He was pointing at one of Tote’s new Marlin Class container ships on its way in, and in the background was a triple-deck barge with “Crowley” painted on the side.  Amazing….

Let there be no ambiguity that the U.S. Merchant Marine stood tall in this crisis and flexed. It did its job despite all of the accusations and false narratives being thrown about in this town and throughout the media.

My sense is still that — other than a few notable vocalists — Congress is still firmly behind the Jones Act. But we cannot, and should not take that for granted. Clearly there is a need to tell the rest of the story about the criticality of the Jones Act.

It’s not news to most in this room, but it is the backbone of our shipbuilding and repair industry, supporting 110,000 employees who add $9.2 billion in income to the U.S. economy annually.

The Jones Act annually generates $10 billion dollars in freight revenue and provides as much as $355 million in federal and state tax revenue. This industry and supply chain is the same one we depend on to build and repair ships for our Navy.

The Jones Act is responsible for over 38,000 on-the-water jobs, and for $4.7 billion in wages, salaries and benefits.

Unfortunately, very few outside of our industry understand it. But the military relies on these U.S. civilian merchant mariners to crew both the commercial and government cargo ships needed in wartime.

This is a national security issue!

Our entire system of military deployment and sustainment depends on a viable, qualified, sufficient pool of talent.

This is the heart of my message. Whenever i talk about the U.S.-flag merchant marine – I acknowledge that the hardware — the need for modern ships — is certainly important. But it’s the “people.”

We need people to crew these ships.  And a study that we are just concluding for Congress shows that we are about 1200 mariners short of need for a full mobilization and sustainment.

Of course, all this is happening at a time when our nation is struggling just to keep enough ships in the U.S. Merchant Marine to employ sufficient numbers of qualified mariners to serve the nation’s defense and emergency-related sealift requirements.

Eighty-one deep-sea, internationally trading us flag vessels and 99 large Jones Act ships are what we are dealing with today.

The severity and duration of some of these most recent events underscores the importance of our national defense reserve fleet, Ready Reserve Force vessels, and maintaining an adequate pool of qualified, licensed mariners.

Moving forward, an important part of the equation will be recapitalizing some our aging RRF vessels, and acquiring funding for a national security multi-mission school ship.

Without replacement, we will not have — in the very near term — the empire state and the Kennedy to send to the rescue, or to serve as training platforms for cadets at mass or Fort Schuyler.  We have to be thinking about Maine and Cal too, as their ships are right at 30.

In the case of the sealift assets in the RRF, we are working on strategies with the Navy and with USTRANSCOM to accomplish this. We do have some friends on the hill, and I’m going to be working hard in next couple of years to add to — and build upon — our strategic sealift capability.

My friend Jim Caponiti was a long-time associate administrator at MARAD way before I came on board. Years ago, his staff worked hard to ensure the readiness of our RRF fleet in the years leading up to the second Iraq war and the war in Afghanistan.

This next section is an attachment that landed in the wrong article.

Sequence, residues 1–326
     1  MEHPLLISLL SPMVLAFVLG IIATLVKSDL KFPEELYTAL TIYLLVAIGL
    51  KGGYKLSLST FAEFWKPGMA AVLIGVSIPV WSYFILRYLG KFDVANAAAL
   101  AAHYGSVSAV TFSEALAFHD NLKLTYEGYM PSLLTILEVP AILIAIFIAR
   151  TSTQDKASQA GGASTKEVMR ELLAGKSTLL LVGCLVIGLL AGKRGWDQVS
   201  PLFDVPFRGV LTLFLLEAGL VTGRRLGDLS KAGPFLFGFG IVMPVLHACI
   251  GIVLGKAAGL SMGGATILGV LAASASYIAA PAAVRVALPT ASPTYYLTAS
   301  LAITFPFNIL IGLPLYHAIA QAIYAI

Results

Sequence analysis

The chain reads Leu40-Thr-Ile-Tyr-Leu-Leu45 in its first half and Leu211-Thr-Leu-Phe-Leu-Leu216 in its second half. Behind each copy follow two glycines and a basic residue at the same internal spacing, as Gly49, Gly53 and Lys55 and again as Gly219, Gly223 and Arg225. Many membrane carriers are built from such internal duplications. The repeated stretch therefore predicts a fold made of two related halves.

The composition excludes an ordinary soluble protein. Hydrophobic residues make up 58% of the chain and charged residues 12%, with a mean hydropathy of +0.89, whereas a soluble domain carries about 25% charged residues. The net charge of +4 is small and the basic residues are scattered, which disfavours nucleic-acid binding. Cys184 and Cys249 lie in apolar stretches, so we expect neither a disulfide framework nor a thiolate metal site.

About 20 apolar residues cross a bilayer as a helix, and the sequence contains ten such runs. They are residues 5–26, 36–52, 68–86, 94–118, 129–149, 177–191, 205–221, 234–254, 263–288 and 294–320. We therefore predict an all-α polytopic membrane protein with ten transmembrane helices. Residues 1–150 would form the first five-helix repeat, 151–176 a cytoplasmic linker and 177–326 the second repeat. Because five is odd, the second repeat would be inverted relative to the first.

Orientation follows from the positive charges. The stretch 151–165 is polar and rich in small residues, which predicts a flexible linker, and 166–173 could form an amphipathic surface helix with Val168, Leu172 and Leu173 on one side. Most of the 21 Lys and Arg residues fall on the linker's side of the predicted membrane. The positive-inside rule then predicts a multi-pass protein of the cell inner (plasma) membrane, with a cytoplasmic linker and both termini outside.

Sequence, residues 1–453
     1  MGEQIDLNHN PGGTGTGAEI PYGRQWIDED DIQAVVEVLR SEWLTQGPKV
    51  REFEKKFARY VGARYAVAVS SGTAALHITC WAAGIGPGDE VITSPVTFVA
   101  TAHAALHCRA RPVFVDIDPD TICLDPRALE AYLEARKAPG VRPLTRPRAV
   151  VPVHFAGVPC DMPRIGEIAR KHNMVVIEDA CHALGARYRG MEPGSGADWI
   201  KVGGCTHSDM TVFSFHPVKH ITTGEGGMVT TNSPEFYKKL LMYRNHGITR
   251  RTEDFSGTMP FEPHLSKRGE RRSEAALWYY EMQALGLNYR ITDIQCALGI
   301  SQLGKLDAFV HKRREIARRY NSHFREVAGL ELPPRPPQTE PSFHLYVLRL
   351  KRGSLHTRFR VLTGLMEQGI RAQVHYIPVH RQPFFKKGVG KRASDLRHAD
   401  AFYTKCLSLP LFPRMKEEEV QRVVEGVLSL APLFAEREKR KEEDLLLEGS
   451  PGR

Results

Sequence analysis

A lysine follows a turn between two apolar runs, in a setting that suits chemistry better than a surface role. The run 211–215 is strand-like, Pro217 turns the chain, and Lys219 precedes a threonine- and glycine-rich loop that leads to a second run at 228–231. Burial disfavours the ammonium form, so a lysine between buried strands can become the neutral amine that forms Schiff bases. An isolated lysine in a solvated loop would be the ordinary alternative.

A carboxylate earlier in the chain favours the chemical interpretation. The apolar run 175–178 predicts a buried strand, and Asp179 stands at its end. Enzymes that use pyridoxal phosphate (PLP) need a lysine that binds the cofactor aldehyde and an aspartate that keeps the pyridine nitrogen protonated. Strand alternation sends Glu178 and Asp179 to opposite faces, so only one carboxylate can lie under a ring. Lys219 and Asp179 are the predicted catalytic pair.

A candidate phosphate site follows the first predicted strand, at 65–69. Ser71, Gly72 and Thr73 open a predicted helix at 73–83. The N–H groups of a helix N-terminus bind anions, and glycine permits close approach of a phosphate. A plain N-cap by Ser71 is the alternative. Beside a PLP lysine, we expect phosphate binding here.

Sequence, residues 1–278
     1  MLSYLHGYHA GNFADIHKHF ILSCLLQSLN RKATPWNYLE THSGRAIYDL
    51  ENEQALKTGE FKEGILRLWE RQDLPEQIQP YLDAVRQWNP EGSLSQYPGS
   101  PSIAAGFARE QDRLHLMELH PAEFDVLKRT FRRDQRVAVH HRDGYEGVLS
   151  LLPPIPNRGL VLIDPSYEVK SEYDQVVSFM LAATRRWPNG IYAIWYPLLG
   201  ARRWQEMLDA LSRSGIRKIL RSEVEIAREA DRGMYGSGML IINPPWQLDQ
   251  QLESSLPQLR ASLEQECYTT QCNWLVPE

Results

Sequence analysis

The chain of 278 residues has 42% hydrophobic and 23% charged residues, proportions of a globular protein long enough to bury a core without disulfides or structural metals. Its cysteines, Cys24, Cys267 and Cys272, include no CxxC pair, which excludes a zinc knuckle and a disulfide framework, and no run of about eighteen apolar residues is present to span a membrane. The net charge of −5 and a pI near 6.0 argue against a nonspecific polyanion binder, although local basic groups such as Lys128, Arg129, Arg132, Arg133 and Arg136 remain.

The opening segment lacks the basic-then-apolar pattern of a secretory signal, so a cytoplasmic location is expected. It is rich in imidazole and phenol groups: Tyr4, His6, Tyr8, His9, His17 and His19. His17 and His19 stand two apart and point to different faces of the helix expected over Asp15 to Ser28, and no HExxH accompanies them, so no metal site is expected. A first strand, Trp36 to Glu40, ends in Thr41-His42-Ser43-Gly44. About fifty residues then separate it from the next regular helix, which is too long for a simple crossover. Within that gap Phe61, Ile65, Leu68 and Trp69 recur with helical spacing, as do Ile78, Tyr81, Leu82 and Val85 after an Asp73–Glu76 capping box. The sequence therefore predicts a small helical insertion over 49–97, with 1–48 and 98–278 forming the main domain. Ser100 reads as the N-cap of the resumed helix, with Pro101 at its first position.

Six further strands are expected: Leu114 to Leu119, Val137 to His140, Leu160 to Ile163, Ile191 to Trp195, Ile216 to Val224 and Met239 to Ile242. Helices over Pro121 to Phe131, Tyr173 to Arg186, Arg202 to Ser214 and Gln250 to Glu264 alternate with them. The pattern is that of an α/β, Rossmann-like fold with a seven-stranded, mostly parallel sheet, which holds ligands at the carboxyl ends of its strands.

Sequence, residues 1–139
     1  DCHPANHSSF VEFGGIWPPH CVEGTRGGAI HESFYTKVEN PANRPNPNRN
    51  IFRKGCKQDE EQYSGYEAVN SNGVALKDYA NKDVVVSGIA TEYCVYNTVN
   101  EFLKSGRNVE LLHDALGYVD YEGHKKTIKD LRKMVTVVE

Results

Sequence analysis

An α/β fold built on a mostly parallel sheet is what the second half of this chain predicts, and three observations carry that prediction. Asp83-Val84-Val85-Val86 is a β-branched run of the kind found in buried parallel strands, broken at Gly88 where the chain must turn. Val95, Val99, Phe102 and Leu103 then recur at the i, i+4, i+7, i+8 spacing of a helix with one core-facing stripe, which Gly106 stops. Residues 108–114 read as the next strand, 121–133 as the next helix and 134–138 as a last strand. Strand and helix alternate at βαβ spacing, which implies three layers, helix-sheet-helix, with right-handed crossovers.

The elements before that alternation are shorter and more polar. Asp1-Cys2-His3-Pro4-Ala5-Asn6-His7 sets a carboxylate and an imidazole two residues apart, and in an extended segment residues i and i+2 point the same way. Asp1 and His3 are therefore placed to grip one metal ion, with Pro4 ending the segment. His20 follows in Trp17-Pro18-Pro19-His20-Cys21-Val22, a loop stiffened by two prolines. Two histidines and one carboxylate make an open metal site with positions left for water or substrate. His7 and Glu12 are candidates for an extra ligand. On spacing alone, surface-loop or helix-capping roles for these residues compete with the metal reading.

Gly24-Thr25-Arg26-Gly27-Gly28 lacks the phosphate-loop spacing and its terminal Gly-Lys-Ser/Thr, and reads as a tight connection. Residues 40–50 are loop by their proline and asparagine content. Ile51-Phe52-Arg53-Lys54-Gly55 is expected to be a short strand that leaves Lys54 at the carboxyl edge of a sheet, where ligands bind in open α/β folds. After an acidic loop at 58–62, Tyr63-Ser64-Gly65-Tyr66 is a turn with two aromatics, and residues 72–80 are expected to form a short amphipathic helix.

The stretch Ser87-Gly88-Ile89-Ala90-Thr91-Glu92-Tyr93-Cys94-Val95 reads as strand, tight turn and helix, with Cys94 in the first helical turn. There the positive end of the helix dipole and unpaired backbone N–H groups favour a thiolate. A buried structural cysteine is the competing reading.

They worked with USTRANSCOM to devise a strategy for recapitalization then – and came up solutions resulting in building or reconstructing 19 new vessels — significantly improving our sealift capacity. That work has served us well.

Today we’re faced with the same challenges — the growing need to modernize and recapitalize our fleet. We think we need to replace about 24 of the 46 sealift ships, and as I mentioned, we are looking at a variety of means to do that.

Turning briefly to the other two pillars of our merchant marine – which are also priorities of mine that I shared with the members — we need to keep working the Maritime Security Program and Cargo Preference.  Together with the Jones Act. They are absolutely critical to the survival of the fleet.

The MSP currently provides $5 million in stipends for the 60 vessels enrolled to be on call in the U.S.-flag fleet. We expect that program to be fully funded again in FY 18. It needs to be fixed for the future though.

Though the program is authorized through 2025 (funding for increased stipend is authorized through 2023), it is only appropriated year to year.

As we ask carriers to bring in new tonnage, we are forcing them to assume a substantial 30-year financial risk on the hope of an annual appropriation.  We are starting work with USTRANSCOM and industry on the next version of MSP to ensure it provides us the right kind of ships we need for sealift.

Finally, there is a lot of scuttlebutt around town about Cargo Preference.  My staff has been involved in weeks of discussions with the white house staff regarding the proper percentage needed.  Currently it stands at 50% for government cargos – and we’d like to see more. So would others.

But there are also those who’d like to see it go away all together. That discussion continues, and MARAD is making our voice heard with our secretary’s backing. Some of you may even have better insight than I, but we are doing our best to make the case.  More cargo equates to more ships which equates to a larger mariner pool.

As I’ve said, all three pillars are necessary to maintain a strong, resilient U.S.-flag domestic and international fleet, and to employ the mariners needed to crew them.

We need to take care of our mariners in peace time, so that they are available in war-time. That message can’t be emphasized enough, but it’s a message that hasn’t been reaching enough ears.

The challenge of getting people to see the “big picture” of the importance of our U.S. Merchant Marine to our national and economic security is never-ending.

For that reason, I appreciate the strong support that the propeller club has voiced for decades — for both the mariners and the industry they work in.

Your voice has never been more important and I personally appreciate your commitment to help the general public, and our elected representatives, understand what they are doing when they turn their backs on the U.S.-flag merchant marine.

Like our song says:  Heave ho my lads, heave ho, we’ve got a long, long way to go!  I’m glad to be sailing with you! Thank you and God bless.

Updated: Monday, November 19, 2018